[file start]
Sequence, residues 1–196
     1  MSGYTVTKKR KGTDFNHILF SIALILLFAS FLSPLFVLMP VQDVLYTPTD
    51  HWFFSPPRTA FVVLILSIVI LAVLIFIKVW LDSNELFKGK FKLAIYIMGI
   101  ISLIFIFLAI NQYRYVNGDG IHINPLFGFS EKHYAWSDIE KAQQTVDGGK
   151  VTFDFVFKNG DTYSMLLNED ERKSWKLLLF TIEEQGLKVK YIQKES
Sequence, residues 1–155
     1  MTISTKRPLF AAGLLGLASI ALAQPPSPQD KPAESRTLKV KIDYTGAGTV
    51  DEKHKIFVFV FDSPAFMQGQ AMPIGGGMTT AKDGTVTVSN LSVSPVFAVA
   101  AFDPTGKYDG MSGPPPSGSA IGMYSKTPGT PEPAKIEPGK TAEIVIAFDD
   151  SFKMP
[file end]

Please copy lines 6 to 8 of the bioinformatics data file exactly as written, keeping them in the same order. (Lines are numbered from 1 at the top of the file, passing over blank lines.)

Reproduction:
Sequence, residues 1–155
     1  MTISTKRPLF AAGLLGLASI ALAQPPSPQD KPAESRTLKV KIDYTGAGTV
    51  DEKHKIFVFV FDSPAFMQGQ AMPIGGGMTT AKDGTVTVSN LSVSPVFAVA